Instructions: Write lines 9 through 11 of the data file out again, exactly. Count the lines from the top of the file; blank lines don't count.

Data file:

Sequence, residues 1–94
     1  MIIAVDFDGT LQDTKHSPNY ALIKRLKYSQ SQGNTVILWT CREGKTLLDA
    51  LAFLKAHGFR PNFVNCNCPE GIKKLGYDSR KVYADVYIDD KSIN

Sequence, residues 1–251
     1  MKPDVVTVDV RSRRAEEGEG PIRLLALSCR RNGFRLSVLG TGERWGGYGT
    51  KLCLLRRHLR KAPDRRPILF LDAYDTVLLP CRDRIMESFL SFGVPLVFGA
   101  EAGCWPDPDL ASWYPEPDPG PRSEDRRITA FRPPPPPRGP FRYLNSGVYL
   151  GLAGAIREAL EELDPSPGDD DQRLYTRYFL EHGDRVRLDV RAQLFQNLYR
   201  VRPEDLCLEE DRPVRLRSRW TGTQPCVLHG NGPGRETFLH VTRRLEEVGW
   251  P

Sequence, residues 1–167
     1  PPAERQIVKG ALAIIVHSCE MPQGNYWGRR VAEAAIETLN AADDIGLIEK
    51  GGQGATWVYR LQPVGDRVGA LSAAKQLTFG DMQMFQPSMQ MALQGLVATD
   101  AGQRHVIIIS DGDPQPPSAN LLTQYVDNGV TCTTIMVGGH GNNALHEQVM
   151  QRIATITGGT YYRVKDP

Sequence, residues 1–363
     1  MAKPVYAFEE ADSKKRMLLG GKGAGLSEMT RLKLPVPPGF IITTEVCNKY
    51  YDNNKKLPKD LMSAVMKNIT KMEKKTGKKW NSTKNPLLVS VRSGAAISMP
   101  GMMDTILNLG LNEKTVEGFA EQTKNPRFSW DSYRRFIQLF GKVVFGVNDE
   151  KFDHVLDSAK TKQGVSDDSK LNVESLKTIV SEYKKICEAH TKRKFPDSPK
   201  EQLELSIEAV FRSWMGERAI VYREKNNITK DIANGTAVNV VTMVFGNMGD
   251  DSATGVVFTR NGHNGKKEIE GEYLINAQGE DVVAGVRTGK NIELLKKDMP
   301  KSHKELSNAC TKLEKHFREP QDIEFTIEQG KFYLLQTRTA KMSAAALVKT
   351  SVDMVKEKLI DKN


   201  VRPEDLCLEE DRPVRLRSRW TGTQPCVLHG NGPGRETFLH VTRRLEEVGW
   251  P

Sequence, residues 1–167